NJK Holding Corp. v. Araz Group, Inc., 878 N.W.2d 515 (Minn. Ct. App. 2016)
The Minnesota Court of Appeals (“Appellate Court”)‑held that under Minnesota law, a promise to forgive debt is a credit agreement and must be in writing in order to be enforceable.
In December 1997, the Araz Group (“Araz”)‑executed a promissory note in the original principal amount of $320,000 in favor of NJK Holding Corporation (“NJK”)‑for consideration received. Shortly thereafter, in May 1998, the parties executed (i)‑a credit agreement (the “Credit Agreement”), (ii)‑an amended and restated promissory note and (iii)‑a security agreement (collectively, “Loan Documents”)‑pursuant to which NJK granted Araz a $700,000 line of credit, inclusive of the original loan of $320,000. Over time, additional amounts were disbursed under the Credit Agreement until Araz owed NJK the total principal amount of $700,000 (”Loan”). Araz recorded the loan from NJK as a liability on its financial statements from 1998 until it was removed in 2011. Even though no payments were made on the loan until 2003, Araz periodically requested confirmation of the indebtedness from NJK. Such confirmation was provided to Araz’s auditors.
In addition to the borrower‑lender relationship between Araz and NJK, Araz’s chief executive officer’s (“CEO”)‑sister was married to the chief executive officer of NJK until a divorce in August 2014. The record contains testimony that when the original loan was offered to Araz, Araz’s CEO stated that she did not want the loan and could not pay it back. Araz’s CEO also testified that on numerous occasions she was told by both her sister and the CEO of NJK that she did not have to pay the Loan back and that it had been written off. The CEO of Araz also testified that she was asked to execute the Loan Documents so that NJK could obtain a tax write‑off. After several attempts to collect the debt, in 2001 NJK determined that further collection attempts were pointless and, thereafter, NJK wrote off the entire Loan as a bad debt. Subsequently to the write‑off, NJK received 13 sporadic payments and such payments were reported to the IRS as income.
Evidence was also presented that in 2010, at a birthday party for the President of Araz (brother of the CEO of Araz), the CEO of NJK accused the CEO of Araz of stealing money and stated that NJK had to write off the debt. The CEO of Araz testified that she believed that the statements made at the birthday party meant that NJK had forgiven the debt, despite subsequently making the 13 payments on the debt. Araz admitted that it did not receive a form reporting cancellation of debt to the IRS from NJK nor did Araz report cancellation of indebtedness income on its 2010, 2011, 2012 or 2013 federal tax returns. The President of Araz explained that the 13 subsequent debt payments were made as a way to keep peace in the family. In September 2012, NJK sent its first written demand for payment of the debt to Araz. Subsequently, NJK filed a lawsuit for breach of contract in the District Court of Minnesota (“District Court”)‑and moved for summary judgment on its claim.
The District Court:
The District Court granted NJK summary judgment as to Araz’s defense that NJK forgave the debt because no writing of debt forgiveness existed. Due to issues of material fact, however, the District Court denied summary judgment to NJK as to Araz’s defense that the money loaned to Araz was originally a gift. Following the District Court ruling, a trial was held pursuant to which a jury found that Araz failed to prove that the money was a gift from NJK to Araz. In connection therewith, a judgment was entered in favor of NJK in excess of $1.3 million, plus attorney fees and costs. Araz appealed to the Appellate Court.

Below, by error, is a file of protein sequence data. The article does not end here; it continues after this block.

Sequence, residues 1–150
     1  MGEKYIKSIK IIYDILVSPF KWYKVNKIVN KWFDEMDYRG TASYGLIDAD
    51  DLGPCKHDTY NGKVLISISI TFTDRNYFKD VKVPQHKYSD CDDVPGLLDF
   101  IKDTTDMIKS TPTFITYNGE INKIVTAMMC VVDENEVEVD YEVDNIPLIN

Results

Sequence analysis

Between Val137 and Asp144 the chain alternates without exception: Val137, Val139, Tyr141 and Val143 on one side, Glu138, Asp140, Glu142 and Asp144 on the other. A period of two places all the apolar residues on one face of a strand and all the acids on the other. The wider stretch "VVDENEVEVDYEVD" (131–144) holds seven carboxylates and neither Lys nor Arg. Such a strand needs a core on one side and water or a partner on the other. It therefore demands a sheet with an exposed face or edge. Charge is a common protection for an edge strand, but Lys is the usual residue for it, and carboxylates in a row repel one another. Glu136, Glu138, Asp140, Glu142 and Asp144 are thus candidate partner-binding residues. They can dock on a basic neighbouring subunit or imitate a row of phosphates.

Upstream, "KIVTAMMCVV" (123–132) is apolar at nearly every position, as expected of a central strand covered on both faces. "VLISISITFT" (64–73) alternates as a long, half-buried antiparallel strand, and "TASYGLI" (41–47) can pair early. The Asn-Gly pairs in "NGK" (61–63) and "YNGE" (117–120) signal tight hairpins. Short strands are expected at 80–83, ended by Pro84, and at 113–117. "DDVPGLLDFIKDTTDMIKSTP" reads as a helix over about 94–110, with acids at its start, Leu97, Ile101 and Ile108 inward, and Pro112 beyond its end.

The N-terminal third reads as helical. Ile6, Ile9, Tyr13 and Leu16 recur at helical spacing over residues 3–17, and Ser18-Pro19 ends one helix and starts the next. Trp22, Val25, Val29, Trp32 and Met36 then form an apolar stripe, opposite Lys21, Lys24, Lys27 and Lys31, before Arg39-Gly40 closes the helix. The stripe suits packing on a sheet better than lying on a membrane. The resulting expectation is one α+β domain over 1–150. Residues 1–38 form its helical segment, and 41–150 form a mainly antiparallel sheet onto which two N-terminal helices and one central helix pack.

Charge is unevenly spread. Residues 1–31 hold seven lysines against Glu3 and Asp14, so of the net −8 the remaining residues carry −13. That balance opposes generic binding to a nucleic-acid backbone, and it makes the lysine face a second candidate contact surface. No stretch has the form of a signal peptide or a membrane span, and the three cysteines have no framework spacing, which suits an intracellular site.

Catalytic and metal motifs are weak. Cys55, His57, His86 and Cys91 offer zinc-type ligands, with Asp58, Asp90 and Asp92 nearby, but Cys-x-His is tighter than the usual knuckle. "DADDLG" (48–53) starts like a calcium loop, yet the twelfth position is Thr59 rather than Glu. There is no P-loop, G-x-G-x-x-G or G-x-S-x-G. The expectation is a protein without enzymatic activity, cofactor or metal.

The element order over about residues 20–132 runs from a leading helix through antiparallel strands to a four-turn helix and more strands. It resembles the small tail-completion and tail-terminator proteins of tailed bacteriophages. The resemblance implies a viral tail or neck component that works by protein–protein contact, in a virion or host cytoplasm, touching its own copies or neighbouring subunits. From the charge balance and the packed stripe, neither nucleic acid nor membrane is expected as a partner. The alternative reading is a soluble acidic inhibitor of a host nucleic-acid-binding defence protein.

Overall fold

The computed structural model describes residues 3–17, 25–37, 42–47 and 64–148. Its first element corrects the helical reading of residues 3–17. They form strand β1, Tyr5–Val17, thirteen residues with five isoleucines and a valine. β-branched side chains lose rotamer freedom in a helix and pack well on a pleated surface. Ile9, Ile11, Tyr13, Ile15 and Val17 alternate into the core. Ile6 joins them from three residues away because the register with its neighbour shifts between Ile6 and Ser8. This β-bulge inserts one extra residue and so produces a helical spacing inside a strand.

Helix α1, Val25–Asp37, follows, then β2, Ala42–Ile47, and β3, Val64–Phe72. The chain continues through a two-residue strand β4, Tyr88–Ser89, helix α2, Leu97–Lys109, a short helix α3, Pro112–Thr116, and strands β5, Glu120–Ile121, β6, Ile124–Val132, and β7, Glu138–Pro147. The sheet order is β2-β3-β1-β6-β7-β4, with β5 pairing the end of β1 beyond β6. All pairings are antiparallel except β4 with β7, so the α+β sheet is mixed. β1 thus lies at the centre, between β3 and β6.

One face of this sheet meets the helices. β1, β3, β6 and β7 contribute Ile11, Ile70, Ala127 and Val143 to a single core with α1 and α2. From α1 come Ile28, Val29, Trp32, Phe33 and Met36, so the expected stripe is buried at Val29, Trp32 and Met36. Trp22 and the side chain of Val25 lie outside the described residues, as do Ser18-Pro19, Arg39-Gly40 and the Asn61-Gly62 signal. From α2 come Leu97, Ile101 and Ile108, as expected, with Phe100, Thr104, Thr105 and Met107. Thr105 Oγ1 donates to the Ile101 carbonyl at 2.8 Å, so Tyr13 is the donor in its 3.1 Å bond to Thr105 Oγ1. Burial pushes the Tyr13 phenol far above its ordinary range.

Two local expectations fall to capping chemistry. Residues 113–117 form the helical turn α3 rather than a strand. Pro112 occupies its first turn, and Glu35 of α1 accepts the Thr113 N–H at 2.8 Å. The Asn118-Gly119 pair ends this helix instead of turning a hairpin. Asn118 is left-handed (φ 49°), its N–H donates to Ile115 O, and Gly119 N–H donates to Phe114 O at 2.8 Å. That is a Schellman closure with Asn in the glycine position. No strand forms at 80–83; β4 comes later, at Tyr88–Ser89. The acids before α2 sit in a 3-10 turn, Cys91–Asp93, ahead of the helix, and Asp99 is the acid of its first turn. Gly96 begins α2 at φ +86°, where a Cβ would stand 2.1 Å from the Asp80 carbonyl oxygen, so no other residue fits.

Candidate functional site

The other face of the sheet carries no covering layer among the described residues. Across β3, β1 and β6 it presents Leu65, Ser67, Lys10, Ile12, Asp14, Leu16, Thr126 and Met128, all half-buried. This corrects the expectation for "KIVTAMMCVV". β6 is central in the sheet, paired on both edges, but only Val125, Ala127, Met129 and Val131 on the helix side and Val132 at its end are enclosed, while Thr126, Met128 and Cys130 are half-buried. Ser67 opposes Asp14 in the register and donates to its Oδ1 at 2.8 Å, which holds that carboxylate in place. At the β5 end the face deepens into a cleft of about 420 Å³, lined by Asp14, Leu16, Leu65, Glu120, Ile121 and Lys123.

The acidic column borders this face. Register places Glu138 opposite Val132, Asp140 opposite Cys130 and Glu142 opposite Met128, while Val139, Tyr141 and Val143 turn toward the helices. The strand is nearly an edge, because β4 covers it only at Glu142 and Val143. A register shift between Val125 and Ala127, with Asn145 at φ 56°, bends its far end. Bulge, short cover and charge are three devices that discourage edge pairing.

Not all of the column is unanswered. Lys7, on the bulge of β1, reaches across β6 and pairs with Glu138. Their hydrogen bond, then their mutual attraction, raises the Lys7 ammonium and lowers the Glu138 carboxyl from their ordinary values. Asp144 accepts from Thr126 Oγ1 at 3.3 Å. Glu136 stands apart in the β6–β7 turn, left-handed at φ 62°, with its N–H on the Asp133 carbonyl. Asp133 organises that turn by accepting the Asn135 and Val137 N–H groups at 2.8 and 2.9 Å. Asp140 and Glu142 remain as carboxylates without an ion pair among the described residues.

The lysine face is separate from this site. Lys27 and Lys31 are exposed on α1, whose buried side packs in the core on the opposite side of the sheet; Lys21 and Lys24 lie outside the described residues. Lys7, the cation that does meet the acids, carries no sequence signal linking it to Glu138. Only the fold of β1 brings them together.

On appeal, Araz claimed that the District Court erred by rejecting its debt forgiveness defense by determining that NJK’s alleged promise to forgive the debt requires a writing under Minnesota Statute §513.33 (“Minnesota Statute”)‑to be enforceable. Araz argued that the District Court agreements to forgive debt do not fall under the Minnesota Statute and that since NJK’s alleged promise to forgive the debt did not modify the underlying debt agreement, change the conditions of repayment or otherwise accommodate Araz, such was not a credit agreement under the Minnesota Statute which mandated a writing to be enforceable. In addressing Araz’s argument, the Appellate Court first analyzed the language of the Minnesota Statute. The Appellate Court concluded that the Minnesota Statute was ambiguous because it reasonably may be interpreted to either include or exclude debt forgiveness as a credit agreement in the nature of a forbearance or other financial accommodation. The Appellate Court then looked to prior Minnesota case law, but acknowledged that no Minnesota authority directly addresses whether a promise to forgive debt is a credit agreement under the Minnesota Statute. In light of the absent of precedent within Minnesota, the Appellate Court looked to case law in other states. Citing other cases and guided by the statutory presumption that the legislature does not intend to produce absurd, impossible or unreasonable results, the Appellate Court found that a promise to forgive debt was a credit agreement within the Minnesota Statute and therefore, required a writing to be enforceable. The Appellate Court was persuaded by the sound reasoning of the District Court that since the parties went to the trouble of documenting their original agreement in writing, it would be anomalous to require a writing for a temporary forbearance, a modification of the loan terms, or some other financial accommodation, while allowing the debtor to claim an oral forgiveness of the entire debt. The Appellate Court held that, since there was no writing of the promise to forgive the debt, the debt‑forgiveness defense failed as a matter of law and judgment was entered in favor of NJK.